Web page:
Landscapes don’t move. People can be asked to hold still. But not everything you encounter in life will be static. If you have kids or if you enjoy sports you will have the opportunity to put your camera’s autofocus system to the test.

You will need to use a fast shutter speed to freeze the motion of falling rain, your daughter sprinting across the finish line or those cyclists racing around the bend.

Opportunities to use a fast shutter speed to capture action pop up on a daily basis. Stay alert and act quickly.

utah mountain biking bike biking

7. Wildlife

Like landscape photography, capturing wildlife doesn’t necessarily mean you have to travel abroad. Even if you live in a city you will encounter opportunities to photograph wildlife. Pigeons count.

From birds in flight (pigeons) to random creatures that might wander into your yard, these animals make great subjects and you can use them as practice for the day when you do get to go on Safari with your 800mm lens and photograph elephants and lions.

pexels photo
Johannes Plenio

8. Black And White

A really good black and white image isn’t the result of a simple conversion in post-production, it is the result of seeing in black and white.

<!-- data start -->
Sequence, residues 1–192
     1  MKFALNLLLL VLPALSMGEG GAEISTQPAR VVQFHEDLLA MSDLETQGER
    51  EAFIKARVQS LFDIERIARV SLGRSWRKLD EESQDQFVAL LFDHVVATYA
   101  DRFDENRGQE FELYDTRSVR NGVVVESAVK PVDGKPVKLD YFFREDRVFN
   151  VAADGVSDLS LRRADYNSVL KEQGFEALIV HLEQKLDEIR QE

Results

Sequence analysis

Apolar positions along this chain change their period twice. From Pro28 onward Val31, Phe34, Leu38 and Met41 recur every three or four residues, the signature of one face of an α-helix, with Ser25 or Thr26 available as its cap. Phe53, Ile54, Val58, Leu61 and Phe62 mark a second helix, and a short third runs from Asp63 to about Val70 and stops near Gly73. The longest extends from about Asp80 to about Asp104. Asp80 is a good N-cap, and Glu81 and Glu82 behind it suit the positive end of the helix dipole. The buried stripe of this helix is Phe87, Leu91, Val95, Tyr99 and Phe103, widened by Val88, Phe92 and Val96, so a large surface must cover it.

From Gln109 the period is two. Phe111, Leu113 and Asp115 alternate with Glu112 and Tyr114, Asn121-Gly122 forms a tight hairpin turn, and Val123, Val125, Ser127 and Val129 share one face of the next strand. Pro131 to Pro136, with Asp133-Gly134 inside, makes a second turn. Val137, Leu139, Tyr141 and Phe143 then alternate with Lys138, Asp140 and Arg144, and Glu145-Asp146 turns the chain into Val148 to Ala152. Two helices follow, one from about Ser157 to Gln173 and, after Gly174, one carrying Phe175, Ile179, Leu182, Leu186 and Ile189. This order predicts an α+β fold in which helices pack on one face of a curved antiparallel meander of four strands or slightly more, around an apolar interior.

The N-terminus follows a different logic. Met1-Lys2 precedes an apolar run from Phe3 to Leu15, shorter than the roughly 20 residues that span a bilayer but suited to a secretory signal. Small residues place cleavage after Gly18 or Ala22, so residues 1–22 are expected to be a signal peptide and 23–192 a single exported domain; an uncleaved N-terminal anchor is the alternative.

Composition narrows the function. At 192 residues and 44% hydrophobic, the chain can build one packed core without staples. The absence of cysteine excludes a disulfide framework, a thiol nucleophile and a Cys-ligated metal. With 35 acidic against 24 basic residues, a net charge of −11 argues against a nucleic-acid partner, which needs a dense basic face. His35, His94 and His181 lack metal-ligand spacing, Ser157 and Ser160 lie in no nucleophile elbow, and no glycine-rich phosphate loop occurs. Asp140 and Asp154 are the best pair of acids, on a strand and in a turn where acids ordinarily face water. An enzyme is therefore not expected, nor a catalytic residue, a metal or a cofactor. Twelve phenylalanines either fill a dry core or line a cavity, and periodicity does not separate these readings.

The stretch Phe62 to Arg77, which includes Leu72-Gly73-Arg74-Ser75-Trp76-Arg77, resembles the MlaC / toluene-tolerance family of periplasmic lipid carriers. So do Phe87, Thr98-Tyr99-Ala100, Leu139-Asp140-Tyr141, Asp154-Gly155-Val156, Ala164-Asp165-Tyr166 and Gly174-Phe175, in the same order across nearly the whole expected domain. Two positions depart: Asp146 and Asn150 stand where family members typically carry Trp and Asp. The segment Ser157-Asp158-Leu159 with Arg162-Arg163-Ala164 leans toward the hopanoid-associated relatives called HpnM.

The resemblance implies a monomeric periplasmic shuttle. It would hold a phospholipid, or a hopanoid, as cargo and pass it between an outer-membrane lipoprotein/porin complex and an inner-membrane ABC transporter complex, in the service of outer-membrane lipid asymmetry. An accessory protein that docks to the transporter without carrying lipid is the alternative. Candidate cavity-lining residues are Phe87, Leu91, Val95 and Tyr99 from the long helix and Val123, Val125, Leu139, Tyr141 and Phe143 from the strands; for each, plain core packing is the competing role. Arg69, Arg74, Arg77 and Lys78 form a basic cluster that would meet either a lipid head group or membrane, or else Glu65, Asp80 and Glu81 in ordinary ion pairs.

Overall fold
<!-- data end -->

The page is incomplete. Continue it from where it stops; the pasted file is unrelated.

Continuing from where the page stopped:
When you plan to convert an image to black and white, you should shoot for contrast and texture; find lighting that creates drama or mystery.

One method of learning to see in black and white is to set your camera so the LCD displays in black and white.

Photo by Jason D. Little | Ilford Delta 400

Final Thoughts

It’s great to specialize in something, to do one thing exceptionally well. But there are other skills and styles of photography that every photography will find useful. Even if you only engage in other styles for the fun of it, there’s something to learn from and apply to your creative arsenal.

Never stop growing.

Further Reading

About Author

Jason Little is a photographer, author and stock shooter. You can see Jason’s photography on his Website or his Instagram feed.

Okay, Jason. I’ve seen your site and read enough of your articles over the years that I feel compelled to comment. This is a great short article. I am in a camera club and I will share this with the members. I assume that when you say “serious” photographer, you don’t mean professional photographer, but rather one who likes to learn and practice, enjoy the art for the sake of it, and (sometimes) share the results with others. Thanks for your insight.

I’ll have to answer that one (cos I chose the title). But yeah, you’re spot on – somebody who actively pursues the craft. Actively learns. Wasn’t meant as a pro/amateur thing.

I love the simplicity of the information given. Some of the topics get me thinking outside my comfort zone. Thank you for sharing your experience.

Ive done them, just not often enough. If one has a “been there, done that”, you can pretty much bet they havent “done” it enough – i always try to learn something new.

I would disagree. Stick to what you love most. it may be portrait or landscape or macro or events ….whatever you love and keep improving. when you try many things it complicates.